Travels in New Zealand: Week Three
Wellington – Cook Strait – Nelson – Kaikoura – Christchurch – Home
* An eclectic mix of music to serenade us into the last week. Marching bands, whistles and electric guitars at a Wellington Mardi Gras, where we found ourselves caught up in a Gay & Lesbian street parade. A fine blues singer around the corner. And soaring above the bustling noise of Cuba Street, members of a brass consort standing on three opposing shop verandas playing Gabrielli. Venice, 1600.
* Three drag queens in white and gold graced a performance of Maori and Chilean fusion music at the Te Papa Museum (there is certainly the Pacific bond). And finally, on the Interislander Ferry across Cook Strait, some travelling musicians entertained us with some splendid early American fiddle music. Spirited and with origins in the shanties and dances of both Old and New Worlds, it was the very thing for a sea voyage.
*Of course we had to sleep in, didn’t we, when I failed to set the alarm properly. Woke up at 7 o’clock – and the taxi was booked for 7.15! Can’t remember when we last moved so quickly. Fortunately we’d done the packing the night before. Even so, Jill went white, I went red – and thus being in the pink we were in the lobby just in time, and standing on the ferry wharf ahead of ourselves. We’d even managed to gulp a mouthful of tea. Not bad for a couple of old ‘uns.
*Last time I was in Queen Charlotte Sound, researching Captain Cook, it was grey and stormy. This time it was dazzling blue and green. The sea calm. The wind fair. And the views, as we drove around the bays stunningly beautiful. You can see why Cook returned here on each of his South Pacific voyages. Not so pleasant the steep, mountainous descent into Nelson, where sadly much of the native forest has been removed for pine plantations. Which explains the presence of so many heavy logging trucks!
* We’re in Nelson to see the WOW (World of Wearable Art) Museum – a subject in which Jill, as a textile artist, has a great interest. Over the past two decades New Zealand’s annual creative costume showing has grown to a truly international event. Several friends, in fact, have successfully entered in recent years.
The three dozen or so costumes on exhibition (including at the co-located Classic Cars Museum) certainly show great imaginative breadth in their conception and the materials used: zips turned into fabric, plastic tie strips, wood, metal, corks, paper, even party balloons … all have been used to remarkable effect.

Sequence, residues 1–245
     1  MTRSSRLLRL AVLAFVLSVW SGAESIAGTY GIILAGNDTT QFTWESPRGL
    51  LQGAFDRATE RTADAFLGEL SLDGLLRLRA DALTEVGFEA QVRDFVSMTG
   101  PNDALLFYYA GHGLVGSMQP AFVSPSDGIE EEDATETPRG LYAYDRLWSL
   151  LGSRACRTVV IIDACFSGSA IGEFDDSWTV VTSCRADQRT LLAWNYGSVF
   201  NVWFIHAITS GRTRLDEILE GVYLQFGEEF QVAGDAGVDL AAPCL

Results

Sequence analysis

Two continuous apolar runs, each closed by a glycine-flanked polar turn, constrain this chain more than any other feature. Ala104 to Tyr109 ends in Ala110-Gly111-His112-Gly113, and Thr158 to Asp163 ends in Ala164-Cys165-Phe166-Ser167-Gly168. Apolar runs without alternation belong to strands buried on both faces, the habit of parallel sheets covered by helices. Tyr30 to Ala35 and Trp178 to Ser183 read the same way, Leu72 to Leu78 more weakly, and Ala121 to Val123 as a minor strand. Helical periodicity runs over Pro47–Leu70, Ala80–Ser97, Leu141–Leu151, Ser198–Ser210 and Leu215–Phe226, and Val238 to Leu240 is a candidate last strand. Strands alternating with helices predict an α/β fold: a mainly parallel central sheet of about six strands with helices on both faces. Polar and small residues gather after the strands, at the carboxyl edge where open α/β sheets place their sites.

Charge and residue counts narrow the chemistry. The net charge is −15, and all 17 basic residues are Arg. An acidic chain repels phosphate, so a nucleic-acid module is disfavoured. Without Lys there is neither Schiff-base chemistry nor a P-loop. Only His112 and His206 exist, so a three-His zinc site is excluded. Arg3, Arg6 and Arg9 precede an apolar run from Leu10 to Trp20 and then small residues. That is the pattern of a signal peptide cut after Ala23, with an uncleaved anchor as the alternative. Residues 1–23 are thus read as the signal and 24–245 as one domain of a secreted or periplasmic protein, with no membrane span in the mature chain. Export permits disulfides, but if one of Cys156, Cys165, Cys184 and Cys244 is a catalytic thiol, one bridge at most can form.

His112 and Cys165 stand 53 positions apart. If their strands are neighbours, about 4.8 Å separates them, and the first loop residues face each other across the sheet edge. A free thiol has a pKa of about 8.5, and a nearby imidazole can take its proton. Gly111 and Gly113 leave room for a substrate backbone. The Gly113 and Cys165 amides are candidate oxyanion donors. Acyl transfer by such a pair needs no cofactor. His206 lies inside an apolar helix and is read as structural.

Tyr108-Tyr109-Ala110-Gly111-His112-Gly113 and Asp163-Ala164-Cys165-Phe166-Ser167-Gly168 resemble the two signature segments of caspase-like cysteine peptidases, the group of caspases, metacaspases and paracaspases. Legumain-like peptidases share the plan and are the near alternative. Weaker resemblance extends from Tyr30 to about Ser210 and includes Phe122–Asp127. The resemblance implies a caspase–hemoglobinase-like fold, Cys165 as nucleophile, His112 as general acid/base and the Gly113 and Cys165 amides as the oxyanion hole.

There’s a dress made from a coil of soft wooden rope … another with wooly sheep leading all the way up to a shearing shed at the top … costumes that dazzle under fluorescent light … an extraordinary dragon stage costume, and so on…
* Even so, the museum was not as comprehensive as we’d been expecting. There was very little information that we saw on display about the history of WOW, or background easily available to visitors about past section winners and their garments. There seemed plenty of room in the large foyer for some interactive technology that would help people access the large WOW archive and database. It might be worth thinking about.
* We were therefore very glad that we saw a major WOW travelling exhibition of recent costumes at the Auckland War Memorial Museum, shortly before it left on an international tour. The pieces here were at a very high level … among the very best of recent WOW showings. A pink dress made out of fibreglass stays in the mind … a garment modelled as a gothic cathedral … a lobster … a gown fabricated from pierced, painted and shaped aluminium … an astonishing dress like a yellow lampshade… I don’t know how comfortable many of them would be to wear in a conventional sense. But as examples of creative flair and artistic imagination, they certainly excite the response WOW!!
*So to the last leg, back-tracking on ourselves a bit as we drove to the east coast and the highway down to Christchurch. The hills very winding again until the vineyards around Blenheim (such fresh, aromatic sauvignon blanc), and again through the ranges towards Kaikoura. Spectacular scenery, though, the road and railway line skirting the littoral: long, empty beaches of black volcanic sand, sea birds, dolphins leaping offshore, and everywhere, as if arranged by an artist, still lives of driftwood, seaweed and round, dark stones cast up by the ocean. Kaikoura is known for its whale-watching and crayfish. Alas, the last afternoon whale boat had stopped for the season, and no fresh crays had been caught for three days. But we dined excellently on local fish all the same.